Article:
10. Quercus mongolica Fischer ex Ledebour, Fl. Ross. 3(2): 589. 1850.
蒙栎 meng gu li
Quercus crispula Blume; Q. crispula var. manschurica Koidzumi; Q. grosseserrata Blume; Q. kirinensis Nakai; Q. liaotungensis Koidzumi; Q. mongolica subsp. crispula (Blume) Menitsky; Q. mongolica var. grosseserrata (Blume) Rehder & E. H. Wilson; Q. mongolica var. kirinensis (Nakai) Kitagawa; Q. mongolica var. liaotungensis (Koidzumi) Nakai; Q. mongolica var. macrocarpa H. W. Jen & L. M. Wang; Q. mongolica var. manschurica (Koidzumi) Nakai; Q. sessiliflora Salisbury var. mongolica (Fischer ex Ledebour) Franchet; Q. wutaishanica Mayr.
Trees to 30 m tall, deciduous. Branchlets purple-brown, angular, glabrous, lenticellate. Petiole 2-8 mm, glabrous; leaf blade obovate to narrowly so, (5-)7-19(-23) × (2-)3-11 cm, hairy along veins, glabrescent, base narrowly rounded to auriculate, margin with (5-)7-10 undulate to rough serrations on each side, apex truncate, shortly mucronate, or cuspidate; secondary veins (5-)10-18 on each side of midvein; tertiary veins abaxially slender, evident. Female inflorescences axillary on apical part of young shoot, 0.5-2 cm; cupules 4 or 5 but usually only 1 or 2 fertile. Perianth 6-lobed. Cupule cupular, 0.8-1.5 × 1.2-1.8(-2.8) cm, enclosing 1/3-1/2 of nut; bracts basal from cupule rim triangular-ovate, abaxial surface semiglobose tuberculate, sparsely to densely grayish pubescent; bracts at rim of cupule patent, margin fimbriate. Nut narrowly ovoid, ovoid, or ovoid-ellipsoid, (1.5-)2-2.4 × (1-)1.3-1.8(-2.3) cm, glabrous except for apex; scar 5-8(-13) mm in diam., slightly raised; stylopodium ca. 1 mm in diam. Fl. May-Jun, fr. Sep-Oct.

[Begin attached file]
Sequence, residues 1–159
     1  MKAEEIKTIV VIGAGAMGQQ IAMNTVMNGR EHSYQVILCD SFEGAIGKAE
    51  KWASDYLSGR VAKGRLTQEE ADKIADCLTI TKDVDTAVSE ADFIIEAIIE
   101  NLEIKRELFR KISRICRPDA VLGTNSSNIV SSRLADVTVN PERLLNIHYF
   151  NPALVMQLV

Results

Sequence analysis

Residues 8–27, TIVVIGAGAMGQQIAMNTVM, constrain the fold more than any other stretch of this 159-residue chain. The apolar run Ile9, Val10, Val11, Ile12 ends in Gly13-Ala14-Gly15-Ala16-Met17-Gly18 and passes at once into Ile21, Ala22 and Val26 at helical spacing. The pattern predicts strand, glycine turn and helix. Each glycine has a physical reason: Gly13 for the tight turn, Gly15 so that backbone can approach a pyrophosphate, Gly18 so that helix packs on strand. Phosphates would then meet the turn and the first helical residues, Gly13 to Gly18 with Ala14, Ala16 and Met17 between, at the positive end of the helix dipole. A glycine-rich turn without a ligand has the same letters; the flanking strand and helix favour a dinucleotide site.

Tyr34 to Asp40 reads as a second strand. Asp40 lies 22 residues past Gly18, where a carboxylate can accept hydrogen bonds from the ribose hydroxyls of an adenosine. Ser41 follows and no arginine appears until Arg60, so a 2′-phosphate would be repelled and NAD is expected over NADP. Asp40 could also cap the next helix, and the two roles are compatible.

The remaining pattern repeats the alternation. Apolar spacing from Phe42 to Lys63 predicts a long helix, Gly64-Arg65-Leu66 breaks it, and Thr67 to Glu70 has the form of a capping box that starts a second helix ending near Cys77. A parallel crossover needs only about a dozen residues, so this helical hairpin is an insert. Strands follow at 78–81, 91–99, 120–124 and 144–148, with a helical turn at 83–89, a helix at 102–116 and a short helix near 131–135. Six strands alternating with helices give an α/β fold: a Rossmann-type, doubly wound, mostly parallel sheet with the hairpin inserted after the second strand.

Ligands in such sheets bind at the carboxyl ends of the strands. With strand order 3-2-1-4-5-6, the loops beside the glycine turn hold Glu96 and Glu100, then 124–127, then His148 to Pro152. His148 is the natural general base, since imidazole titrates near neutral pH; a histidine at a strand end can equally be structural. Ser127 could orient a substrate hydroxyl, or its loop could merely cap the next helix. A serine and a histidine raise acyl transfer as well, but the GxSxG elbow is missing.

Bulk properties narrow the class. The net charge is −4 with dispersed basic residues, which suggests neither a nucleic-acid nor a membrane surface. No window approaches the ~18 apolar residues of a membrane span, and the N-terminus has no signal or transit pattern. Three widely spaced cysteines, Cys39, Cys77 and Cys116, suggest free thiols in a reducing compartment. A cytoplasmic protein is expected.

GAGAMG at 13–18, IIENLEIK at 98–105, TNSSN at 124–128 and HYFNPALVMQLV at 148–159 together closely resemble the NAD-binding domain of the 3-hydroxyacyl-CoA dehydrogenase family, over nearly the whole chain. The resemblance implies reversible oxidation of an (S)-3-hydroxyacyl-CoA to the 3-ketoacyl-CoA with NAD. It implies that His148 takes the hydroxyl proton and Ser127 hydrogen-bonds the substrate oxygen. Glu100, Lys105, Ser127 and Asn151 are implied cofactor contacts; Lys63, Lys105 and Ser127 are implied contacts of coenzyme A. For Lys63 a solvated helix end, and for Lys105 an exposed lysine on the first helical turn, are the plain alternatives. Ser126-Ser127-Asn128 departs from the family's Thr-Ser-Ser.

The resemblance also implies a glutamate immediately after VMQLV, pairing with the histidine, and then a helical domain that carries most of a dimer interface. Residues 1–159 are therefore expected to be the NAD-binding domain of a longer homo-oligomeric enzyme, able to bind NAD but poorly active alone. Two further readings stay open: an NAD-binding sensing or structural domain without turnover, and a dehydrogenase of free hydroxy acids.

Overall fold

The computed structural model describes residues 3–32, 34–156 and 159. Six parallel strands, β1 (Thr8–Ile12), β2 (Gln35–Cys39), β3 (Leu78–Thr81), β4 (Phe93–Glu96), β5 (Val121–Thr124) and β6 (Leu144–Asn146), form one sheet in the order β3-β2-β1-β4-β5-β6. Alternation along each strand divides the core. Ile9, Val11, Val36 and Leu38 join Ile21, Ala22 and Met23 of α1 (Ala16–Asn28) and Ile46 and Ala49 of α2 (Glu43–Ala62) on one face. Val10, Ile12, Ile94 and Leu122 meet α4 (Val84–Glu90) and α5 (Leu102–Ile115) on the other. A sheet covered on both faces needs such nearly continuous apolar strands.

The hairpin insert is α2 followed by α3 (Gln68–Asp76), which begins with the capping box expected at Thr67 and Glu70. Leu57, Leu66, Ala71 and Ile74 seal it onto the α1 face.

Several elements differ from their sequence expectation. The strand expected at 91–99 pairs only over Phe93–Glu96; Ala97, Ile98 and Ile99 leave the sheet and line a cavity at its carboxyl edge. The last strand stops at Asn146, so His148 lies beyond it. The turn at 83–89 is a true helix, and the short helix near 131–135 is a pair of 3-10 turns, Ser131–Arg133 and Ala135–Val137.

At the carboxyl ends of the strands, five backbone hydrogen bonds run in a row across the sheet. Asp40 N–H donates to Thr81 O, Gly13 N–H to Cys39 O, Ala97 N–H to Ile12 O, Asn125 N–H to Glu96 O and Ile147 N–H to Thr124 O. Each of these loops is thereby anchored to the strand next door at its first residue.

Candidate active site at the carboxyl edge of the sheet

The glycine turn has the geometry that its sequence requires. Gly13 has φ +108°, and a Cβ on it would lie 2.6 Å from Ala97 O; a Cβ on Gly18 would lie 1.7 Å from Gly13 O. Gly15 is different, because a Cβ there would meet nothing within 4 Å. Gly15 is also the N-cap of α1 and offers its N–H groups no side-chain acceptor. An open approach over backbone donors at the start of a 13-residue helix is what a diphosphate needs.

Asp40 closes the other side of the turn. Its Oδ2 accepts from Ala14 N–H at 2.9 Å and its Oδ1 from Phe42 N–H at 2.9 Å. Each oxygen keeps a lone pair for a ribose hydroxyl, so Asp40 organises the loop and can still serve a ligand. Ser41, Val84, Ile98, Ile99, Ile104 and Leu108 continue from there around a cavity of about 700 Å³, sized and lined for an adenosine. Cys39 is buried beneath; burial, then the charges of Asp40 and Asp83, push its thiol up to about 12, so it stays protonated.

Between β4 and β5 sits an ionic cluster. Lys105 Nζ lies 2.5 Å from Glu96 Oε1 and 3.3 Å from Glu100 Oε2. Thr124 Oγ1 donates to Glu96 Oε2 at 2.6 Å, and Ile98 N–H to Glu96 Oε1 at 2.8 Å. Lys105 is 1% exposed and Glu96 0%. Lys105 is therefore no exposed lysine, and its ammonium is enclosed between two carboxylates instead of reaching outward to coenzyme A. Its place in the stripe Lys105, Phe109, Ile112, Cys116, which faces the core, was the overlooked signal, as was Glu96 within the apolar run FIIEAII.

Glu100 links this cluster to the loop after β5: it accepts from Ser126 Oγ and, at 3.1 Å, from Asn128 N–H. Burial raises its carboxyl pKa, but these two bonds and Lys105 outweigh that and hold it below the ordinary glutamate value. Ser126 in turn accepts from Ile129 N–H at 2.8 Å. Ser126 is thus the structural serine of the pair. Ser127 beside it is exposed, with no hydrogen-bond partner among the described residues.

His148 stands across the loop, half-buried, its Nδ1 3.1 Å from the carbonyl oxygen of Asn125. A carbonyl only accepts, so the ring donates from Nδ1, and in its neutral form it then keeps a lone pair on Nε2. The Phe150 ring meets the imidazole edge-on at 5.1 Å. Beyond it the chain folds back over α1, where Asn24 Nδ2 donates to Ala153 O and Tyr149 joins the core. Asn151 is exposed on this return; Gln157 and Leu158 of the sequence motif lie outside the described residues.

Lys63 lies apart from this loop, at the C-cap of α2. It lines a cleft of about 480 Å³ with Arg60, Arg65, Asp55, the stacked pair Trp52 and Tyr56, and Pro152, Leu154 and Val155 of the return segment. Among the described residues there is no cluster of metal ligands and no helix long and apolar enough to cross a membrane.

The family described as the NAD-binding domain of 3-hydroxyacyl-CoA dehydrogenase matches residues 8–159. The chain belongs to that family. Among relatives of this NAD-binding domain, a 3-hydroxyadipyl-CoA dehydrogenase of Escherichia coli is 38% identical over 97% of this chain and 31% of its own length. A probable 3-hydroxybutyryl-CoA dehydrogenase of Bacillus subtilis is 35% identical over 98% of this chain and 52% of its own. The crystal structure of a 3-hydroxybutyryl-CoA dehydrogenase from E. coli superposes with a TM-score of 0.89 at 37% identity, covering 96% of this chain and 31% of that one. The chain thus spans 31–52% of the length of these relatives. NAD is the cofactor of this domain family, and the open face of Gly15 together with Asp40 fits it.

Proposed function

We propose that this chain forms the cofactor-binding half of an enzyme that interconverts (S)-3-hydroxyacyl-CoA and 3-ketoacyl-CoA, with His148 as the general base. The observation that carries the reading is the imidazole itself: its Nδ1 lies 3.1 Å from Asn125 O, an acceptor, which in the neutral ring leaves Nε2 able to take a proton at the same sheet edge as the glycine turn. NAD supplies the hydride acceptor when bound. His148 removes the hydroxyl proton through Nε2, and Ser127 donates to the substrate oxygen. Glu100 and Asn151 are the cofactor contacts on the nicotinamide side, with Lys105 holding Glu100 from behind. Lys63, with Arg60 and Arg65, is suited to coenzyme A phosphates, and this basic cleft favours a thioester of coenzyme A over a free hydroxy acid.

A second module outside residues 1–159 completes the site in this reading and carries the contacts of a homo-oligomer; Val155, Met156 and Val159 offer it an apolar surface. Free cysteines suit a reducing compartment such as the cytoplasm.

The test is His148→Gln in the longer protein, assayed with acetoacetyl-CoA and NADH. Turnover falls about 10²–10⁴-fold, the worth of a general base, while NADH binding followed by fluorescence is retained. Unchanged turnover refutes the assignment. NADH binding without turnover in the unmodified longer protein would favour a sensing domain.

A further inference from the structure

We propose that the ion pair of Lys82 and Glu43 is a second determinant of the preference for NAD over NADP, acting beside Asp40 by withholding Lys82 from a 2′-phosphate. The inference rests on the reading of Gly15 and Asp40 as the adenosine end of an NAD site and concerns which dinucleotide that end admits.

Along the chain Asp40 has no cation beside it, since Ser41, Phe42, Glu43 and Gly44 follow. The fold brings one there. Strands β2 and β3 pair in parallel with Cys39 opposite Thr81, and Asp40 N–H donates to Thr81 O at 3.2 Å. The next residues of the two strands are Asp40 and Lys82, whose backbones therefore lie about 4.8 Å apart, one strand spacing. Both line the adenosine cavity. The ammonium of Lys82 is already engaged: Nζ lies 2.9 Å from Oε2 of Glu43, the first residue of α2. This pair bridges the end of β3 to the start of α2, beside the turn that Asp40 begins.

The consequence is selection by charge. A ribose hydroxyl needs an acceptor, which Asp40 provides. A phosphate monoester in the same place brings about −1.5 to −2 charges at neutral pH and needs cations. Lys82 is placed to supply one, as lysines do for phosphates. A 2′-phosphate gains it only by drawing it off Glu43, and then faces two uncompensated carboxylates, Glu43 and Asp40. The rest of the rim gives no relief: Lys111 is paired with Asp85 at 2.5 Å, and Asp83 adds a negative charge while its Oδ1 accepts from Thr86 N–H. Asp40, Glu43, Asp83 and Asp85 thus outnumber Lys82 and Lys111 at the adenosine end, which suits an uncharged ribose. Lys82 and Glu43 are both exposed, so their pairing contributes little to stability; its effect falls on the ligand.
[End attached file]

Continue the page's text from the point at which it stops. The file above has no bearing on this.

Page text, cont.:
Mixed mesophytic forests; 200-2500 m. Gansu, Hebei, Heilongjiang, Henan, Jilin, Liaoning, Nei Mongol, Ningxia, Qinghai, Shaanxi, Shandong, Shanxi, Sichuan [Japan, Korea, Russia]
A widespread and variable species. The name Quercus wutaishanica (Q. liaotungensis) has been used for those plants from NW China that have smaller leaves and flatter cupule bracts, but these are clinal differences. In addition, many leaf forms of Q. mongolica have been recognized as varieties, but these are merely extreme cases within the variation of the species and do not warrant even varietal rank.